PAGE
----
Google May Make Disruptive Migration To AMD EPYC In Cloud Data Centers
This entry was posted on July 30, 2019.
As that day comes, Lynx Equity Research analysts said they have heard "rumblings" that Google is not happy with Intel's server platform. This prompted Seeking Alpha to posit in a headline, "Google data center switching to AMD?"
It's not clear how much legitimate weight this rumor carries, though Lynx Equity Research believes that Google-specific server boards are being made for AMD's EPYC CPUs, based on its research into the hardware supply chain.
Will it actually happen, though?
"'Switching' is probably the wrong word (in the SA headline), because it's not like they're going to retire thousands of Xeon servers overnight, but adopting EPYC moving forward seems completely plausible, especially with PCIe 4 and nearly double the cores per 2P platform," HotHardware Managing Editor Marco Chiappetta said.
"Totally agree with Marco’s quick assessment here, core count and thread count per socket is a significant advantage for AMD currently. Also, improved IPC throughput and clock scaling of Zen 2 EPYC (Rome) is significantly better than previous gen AMD. However, sever arch migrations have a long gestation period—think 9–12 months and even then, legacy technology will remain. Regardless, AMD getting a nod (if this rumor is true by the analyst) from Google Cloud is huge," HotHardware Editor-in-Chief Dave Altavilla added.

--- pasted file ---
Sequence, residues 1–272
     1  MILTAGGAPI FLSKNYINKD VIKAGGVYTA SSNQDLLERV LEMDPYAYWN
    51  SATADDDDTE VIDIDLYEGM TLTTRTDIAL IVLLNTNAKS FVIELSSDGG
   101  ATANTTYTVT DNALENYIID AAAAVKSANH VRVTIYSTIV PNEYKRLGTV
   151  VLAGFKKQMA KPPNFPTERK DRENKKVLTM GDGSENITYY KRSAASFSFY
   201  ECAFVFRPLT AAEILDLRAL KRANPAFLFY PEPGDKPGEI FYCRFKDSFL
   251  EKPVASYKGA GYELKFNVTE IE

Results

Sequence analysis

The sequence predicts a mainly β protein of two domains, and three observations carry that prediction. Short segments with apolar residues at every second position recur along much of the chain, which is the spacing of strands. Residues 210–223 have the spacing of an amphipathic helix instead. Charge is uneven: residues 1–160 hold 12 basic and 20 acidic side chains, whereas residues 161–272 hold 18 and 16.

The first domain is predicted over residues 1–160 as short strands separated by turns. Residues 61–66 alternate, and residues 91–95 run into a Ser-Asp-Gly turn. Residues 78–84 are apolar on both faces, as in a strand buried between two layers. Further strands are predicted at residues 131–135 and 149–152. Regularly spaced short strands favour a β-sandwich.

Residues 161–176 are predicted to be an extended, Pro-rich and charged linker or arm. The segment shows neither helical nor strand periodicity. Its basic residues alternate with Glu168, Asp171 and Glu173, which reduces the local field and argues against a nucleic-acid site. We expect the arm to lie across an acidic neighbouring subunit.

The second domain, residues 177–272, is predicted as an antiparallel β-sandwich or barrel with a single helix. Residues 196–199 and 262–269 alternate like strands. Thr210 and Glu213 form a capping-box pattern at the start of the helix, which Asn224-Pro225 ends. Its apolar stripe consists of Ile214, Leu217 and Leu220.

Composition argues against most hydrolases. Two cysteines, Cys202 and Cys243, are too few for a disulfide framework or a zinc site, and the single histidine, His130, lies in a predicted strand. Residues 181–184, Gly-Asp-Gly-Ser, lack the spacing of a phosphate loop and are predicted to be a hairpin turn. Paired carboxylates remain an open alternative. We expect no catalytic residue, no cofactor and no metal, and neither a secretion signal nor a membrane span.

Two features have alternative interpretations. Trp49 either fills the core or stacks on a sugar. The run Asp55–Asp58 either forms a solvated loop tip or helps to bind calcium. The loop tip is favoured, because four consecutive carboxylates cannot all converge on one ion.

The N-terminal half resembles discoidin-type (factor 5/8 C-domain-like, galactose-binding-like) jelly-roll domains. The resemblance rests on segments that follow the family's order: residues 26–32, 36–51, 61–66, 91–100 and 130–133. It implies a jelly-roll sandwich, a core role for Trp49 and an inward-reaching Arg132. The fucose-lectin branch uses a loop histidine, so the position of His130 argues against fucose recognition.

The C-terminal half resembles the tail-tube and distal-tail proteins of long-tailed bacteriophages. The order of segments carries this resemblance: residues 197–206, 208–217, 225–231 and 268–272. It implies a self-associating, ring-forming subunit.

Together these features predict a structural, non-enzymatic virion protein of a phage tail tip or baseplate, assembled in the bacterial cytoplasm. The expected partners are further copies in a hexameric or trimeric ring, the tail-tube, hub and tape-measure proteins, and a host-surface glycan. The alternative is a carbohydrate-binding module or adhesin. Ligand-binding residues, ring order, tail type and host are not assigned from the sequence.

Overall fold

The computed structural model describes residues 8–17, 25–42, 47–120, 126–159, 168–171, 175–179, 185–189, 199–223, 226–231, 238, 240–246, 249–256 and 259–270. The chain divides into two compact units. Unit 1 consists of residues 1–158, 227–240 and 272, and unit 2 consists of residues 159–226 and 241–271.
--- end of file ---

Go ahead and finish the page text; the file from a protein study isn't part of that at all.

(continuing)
The advantage that Dave references is one that AMD has been keen to note in the lead up to the launch of its next-gen EPYC processors. Back at AMD's Next Horizon event, company CEO Dr. Lisa Su noted that the top-end Rome part will be a 64-core/-128-thread beast that is socket-compatible to the previous gen EPYC platforms, as well as its next-gen Milan server platform (which supports PCIe 4). So, the claim is 2X overall performance per socket and 4X the floating point performance.
AMD also teed up a demo of a dual-socket Intel Platinum 8180M server (56 cores total, 28 per socket, 112 threads) competing against a single-socket AMD Rome EPYC 64-core server C-Ray, which is a ray tracing benchmark designed to showcase floating point CPU performance. As one would expect (given the advantage in cores and threads), the single-socket EPYC part edged out Intel's Platinum-class dual-socket server, as you can see in the video embedded above.
When enabling NAMD optimizations, Intel's own benchmarking data shows its Xeon Platinum 8280 setup scoring 30 percent higher, at 12.65ns. AMD still wins in this scenario, but the difference is far less dramatic, especially when factoring in the core and thread disadvantages that Intel's platform is working with in this comparison.
True comparisons by independent reviewers (such as HotHardware) will have to wait until AMD ships its next-gen EPYC processors. That said, the fact that Google making a migration to AMD can even be a plausible rumor speaks volumes about how far AMD has come.